Traveling the World

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Studying abroad has been a surreal experience and I’ve been fortunate enough to travel around some of Europe. For spring break, me and a group of friends backpacked throughout France for ten days. We flew into Marseille and then traveled to Nice, Lyon, Paris and then ended in Normandy. It was such an action-packed journey that ended up being exhausting after visiting five cities in France. My favorite places where we visited were Marseille, Lyon, and Normandy. Marseille is an old port city located on the South Coast of France on the Mediterranean and is the most beautiful place I’ve ever been too. The city has so much culture and history and I enjoyed that it was less touristy than a city like Paris. For starters I would definitely recommend sitting at a café for an afternoon and order muscles and drink wine on the port looking over the water in the sun. Another fun activity to do was hiking at Parc national des Calanques, which offers breathtaking views and if it’s nice enough outside you can go swimming in the water. Meanwhile, I was only in Lyon for a little over a day and we saw Olympique Lyonnais play Juventas in the Champions League which was a great experience to celebrate with the locals after the upset win. If anyone ends up in Lyon, I definitely recommend to checkout the neighborhood Vieux Lyon and to stop at the James Joyce, which is a charming old-school Irish pub. Lastly, I recommend that everyone should visit the beaches of Normandy. It was such an emotional and inspiring trip to walk through the bunkers and stand on the beaches where thousands died and the feeling was very surreal and made everyone proud to be an American.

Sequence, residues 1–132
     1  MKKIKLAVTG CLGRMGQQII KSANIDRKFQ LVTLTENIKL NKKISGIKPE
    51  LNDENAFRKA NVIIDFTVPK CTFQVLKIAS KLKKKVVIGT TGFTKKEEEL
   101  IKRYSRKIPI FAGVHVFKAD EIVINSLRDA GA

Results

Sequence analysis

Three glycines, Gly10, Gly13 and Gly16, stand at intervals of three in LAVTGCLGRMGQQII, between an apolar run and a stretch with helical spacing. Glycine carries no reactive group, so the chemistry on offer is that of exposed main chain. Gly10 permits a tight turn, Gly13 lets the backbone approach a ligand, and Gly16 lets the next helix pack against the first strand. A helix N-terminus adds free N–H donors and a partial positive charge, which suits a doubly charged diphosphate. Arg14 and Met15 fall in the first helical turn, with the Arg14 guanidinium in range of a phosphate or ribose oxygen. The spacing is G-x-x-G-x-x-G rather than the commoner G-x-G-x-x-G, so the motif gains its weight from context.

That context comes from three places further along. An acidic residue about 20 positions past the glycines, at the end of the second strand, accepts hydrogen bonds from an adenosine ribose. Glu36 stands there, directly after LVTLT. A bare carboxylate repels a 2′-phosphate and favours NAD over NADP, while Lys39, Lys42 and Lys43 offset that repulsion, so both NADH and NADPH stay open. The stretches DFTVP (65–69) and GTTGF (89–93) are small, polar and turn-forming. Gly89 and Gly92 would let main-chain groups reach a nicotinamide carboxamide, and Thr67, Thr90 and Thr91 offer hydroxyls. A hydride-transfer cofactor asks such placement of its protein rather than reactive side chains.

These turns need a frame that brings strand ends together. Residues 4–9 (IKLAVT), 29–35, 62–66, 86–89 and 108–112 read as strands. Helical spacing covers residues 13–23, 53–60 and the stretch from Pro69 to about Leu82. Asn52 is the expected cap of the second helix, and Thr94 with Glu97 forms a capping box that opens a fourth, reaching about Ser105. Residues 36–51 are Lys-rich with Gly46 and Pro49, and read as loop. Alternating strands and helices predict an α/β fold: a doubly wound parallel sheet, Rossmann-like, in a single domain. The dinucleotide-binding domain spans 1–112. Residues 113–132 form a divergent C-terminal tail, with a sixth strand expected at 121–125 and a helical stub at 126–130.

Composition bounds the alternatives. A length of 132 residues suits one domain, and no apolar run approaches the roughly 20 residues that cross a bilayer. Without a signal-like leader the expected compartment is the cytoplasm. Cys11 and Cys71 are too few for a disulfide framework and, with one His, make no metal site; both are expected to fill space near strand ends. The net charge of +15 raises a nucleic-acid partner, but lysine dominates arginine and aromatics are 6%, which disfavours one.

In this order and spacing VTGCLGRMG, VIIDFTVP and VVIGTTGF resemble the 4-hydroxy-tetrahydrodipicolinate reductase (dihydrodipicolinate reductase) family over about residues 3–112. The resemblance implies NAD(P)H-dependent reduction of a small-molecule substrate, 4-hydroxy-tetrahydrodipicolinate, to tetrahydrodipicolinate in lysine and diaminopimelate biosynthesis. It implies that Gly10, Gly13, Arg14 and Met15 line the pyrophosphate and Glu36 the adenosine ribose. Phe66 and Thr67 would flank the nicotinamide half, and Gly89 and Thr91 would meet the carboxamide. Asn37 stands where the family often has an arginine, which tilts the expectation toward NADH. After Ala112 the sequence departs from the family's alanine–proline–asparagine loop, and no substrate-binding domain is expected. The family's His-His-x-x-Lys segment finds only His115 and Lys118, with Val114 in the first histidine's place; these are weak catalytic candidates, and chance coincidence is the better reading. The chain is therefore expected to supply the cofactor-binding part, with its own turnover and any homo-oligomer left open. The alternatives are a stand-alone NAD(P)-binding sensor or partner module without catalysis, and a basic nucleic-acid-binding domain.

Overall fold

The trip required a lot of planning in advance and it was really beneficial to be organized. Having tried hostel living a couple of weeks before during a weekend in Copenhagen, I was glad that we booked AirBnBs and didn’t have to deal with the hassle of worrying about sleeping next to strangers in a hostel. I think that the biggest challenged I faced was the language barrier in the South of France as not everyone spoke English. While I was traveling with a friend who could converse in French, it was a very good experience to learn how to be polite when someone doesn’t speak English. Most Americans expect that everyone speaks English and the French find it very rude to assume so. So, if anyone is in France try to greet the person you’re talking to and ask if they speak English politely by saying, “Bonjour, parlez-vous anglais?”